In a time where by a series sixth installment it’s either a direct-to-DVD or a complete flop, the one series that defies this is the “Fast and Furious” franchise. Having been resurrected at its fourth installment by director Justin Lin, the popularity for this series is only getting bigger.
“Furious 6” opens where “Fast Five” ended, with a race between Dominic Toretto (Vin Diesel) and Brian O’Connor (Paul walker). O’Connor is a proud new father and the whole crew is settled into their multi-million dollar exile when agent Luke Hobbs (Dwayne Johnson) resurfaces asking for their help in tracking down Owen Shaw (Luke Evans) and his crew, who are slowly piecing together a device designed to shut down communications over a large area. The film also features the reveal that Letty Ortiz (Michelle Rodriguez) is alive, after seemingly dying at the beginning of the fourth movie.
I’ve never been a huge follower of this series. Truthfully, I’d never gotten around to seeing “Fast Five” up until the weekend I went to see “Furious 6.” They’re fun summer movies but they’ve never quite caught my eye like a superhero flick or a foray into deep space.
That being said, “Furious 6” is a genuinely enjoyable popcorn movie. Check reality at the door, as physics will be defied at nearly every turn in this movie. As seen in the previews, a cargo plane is brought down by a group of cars. Granted, there were approximately five of them attached to it by way of steel cords shot through the plane’s paneling, but in all the interviews I’ve seen with scientists, they’ve practically giggled over this particular scene.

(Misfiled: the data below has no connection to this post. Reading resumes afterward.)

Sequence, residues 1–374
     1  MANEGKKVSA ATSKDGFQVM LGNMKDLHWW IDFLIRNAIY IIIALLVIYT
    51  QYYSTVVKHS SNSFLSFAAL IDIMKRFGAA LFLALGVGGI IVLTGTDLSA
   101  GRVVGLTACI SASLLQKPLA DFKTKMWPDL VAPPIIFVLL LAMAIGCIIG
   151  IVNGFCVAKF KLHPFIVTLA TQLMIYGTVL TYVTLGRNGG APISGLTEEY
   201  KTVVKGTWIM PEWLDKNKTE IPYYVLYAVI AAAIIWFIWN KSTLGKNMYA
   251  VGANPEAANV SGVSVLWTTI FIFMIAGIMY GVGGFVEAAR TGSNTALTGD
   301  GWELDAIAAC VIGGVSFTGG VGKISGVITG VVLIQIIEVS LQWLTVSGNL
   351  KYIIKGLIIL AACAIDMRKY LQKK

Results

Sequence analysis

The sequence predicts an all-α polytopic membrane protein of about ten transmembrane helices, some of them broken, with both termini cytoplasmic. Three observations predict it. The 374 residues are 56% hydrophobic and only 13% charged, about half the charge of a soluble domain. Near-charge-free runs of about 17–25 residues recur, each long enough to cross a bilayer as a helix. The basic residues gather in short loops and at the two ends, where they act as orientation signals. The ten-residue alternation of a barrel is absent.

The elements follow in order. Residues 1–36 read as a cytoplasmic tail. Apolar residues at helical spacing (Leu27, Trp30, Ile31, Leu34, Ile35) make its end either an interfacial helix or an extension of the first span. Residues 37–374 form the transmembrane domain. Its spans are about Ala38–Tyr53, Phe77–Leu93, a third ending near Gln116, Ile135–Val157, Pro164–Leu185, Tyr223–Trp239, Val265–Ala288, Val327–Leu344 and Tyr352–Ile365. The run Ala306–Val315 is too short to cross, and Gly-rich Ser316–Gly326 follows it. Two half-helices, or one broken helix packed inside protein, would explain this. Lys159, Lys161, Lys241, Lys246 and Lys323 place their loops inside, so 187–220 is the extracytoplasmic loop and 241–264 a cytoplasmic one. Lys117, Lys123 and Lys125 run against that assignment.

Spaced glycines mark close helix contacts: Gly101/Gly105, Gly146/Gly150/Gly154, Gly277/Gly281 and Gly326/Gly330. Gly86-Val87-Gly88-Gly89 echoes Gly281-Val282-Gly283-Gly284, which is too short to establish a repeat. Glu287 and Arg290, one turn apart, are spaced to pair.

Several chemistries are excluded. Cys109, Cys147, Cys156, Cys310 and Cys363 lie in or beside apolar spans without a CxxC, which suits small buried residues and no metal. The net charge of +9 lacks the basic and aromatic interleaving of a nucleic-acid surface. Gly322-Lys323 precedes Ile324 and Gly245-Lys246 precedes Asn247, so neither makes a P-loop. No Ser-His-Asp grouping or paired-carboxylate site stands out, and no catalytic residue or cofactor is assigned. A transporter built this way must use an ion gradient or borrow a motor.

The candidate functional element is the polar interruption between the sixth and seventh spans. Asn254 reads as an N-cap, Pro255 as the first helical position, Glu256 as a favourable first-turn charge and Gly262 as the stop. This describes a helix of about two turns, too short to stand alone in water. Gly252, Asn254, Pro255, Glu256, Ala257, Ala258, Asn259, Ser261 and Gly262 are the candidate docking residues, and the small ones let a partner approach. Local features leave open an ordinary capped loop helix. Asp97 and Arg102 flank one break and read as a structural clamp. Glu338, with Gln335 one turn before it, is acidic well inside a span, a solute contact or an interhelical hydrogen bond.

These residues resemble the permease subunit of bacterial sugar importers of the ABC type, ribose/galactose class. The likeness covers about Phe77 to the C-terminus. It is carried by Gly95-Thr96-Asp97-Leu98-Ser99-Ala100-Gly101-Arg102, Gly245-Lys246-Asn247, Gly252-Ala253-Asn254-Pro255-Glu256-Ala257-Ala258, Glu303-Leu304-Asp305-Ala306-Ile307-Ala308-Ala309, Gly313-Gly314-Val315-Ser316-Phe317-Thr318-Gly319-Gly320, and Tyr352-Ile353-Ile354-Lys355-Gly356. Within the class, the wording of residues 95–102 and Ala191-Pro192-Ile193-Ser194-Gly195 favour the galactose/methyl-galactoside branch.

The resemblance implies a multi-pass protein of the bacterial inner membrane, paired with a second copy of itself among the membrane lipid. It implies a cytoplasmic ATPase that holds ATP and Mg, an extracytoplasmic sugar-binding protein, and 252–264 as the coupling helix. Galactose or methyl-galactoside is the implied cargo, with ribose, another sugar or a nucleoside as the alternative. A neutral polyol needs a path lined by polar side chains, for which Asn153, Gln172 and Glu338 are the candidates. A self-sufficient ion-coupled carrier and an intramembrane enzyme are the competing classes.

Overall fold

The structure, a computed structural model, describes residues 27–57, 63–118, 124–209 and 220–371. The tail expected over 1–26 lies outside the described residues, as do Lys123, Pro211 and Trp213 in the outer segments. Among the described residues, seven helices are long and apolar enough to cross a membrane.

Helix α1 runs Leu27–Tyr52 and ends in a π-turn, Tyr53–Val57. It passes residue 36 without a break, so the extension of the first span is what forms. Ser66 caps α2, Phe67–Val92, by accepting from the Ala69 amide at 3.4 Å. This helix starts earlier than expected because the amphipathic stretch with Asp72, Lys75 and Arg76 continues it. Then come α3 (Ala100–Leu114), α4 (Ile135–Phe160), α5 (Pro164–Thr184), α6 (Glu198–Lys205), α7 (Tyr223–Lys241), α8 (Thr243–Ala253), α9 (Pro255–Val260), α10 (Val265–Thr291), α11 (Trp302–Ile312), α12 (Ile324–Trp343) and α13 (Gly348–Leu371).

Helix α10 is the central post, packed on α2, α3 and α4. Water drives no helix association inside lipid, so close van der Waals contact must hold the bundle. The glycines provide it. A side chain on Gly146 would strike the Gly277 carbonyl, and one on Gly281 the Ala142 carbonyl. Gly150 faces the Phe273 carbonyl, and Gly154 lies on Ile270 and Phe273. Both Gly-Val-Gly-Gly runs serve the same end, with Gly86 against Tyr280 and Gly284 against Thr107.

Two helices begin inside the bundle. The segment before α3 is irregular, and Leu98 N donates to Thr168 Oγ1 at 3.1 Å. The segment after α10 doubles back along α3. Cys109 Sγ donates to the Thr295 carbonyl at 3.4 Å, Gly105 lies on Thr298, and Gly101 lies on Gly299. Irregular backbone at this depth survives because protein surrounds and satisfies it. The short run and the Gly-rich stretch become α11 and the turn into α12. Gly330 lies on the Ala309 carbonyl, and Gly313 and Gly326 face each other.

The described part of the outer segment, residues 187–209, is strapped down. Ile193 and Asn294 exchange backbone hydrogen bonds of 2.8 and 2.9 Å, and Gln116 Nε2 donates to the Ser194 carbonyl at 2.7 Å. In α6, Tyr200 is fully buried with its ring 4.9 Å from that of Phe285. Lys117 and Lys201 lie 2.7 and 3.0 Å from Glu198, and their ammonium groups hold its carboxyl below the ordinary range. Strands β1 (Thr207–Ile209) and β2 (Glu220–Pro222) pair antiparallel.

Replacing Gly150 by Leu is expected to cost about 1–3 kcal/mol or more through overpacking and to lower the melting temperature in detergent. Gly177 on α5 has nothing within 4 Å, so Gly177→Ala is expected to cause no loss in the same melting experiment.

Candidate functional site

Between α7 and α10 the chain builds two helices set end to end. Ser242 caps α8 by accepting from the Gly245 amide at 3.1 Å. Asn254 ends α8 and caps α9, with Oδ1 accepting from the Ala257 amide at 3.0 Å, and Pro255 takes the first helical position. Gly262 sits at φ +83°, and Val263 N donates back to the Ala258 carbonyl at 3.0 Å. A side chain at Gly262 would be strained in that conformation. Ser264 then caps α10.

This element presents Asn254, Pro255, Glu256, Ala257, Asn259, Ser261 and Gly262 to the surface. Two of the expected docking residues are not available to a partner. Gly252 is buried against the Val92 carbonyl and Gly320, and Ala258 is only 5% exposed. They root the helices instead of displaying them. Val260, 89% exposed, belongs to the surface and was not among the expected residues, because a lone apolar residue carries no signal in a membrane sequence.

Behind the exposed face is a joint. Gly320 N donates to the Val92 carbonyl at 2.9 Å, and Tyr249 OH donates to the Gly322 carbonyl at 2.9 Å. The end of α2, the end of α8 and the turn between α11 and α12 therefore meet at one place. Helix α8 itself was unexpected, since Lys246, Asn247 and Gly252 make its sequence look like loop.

There are quite a few places that will have the audience scratching their head as to the reality of the scene, but at this stage, that is the point of this franchise: ridiculousness.
A newcomer to the franchise is fellow pro-wrestler Gina Carano, who plays Hobbs partner and pretty much only serves to show off her wrestling moves, punctuated by her complete lack of dialogue as well.
These movies aren’t so much special effects as they are destruction. It is reported that 300 cars were used for this movie. That number would seem incredibly small upon viewing, if you didn’t take into account that many were rebuilt overnight and used multiple times.
One of my favorite parts of the movie would have to be the inclusion of Luke Evans as the slick big bad, although his character never quite gets fleshed out. His motive is never established as to why he wants this device, although one can assume world domination as a safe bet.
Those who have followed the mythology of the series will recognize the scene from “Tokyo Drift” that occurs in the mid-credit scene and introduces Jason Statham (yes, I said Jason Statham) to the series, presumably as the foe for “Fast 7.” Theories right now have Statham playing Shaw’s brother.
Sans some pretty brutal fight scenes, this movie is an exhilarating addiction to the summer blockbuster season. Just don’t think too hard about it. I’d recommend this as a movie safe for older children, sticking with the PG13 rating, and just keep an eye on the speedometer driving home.
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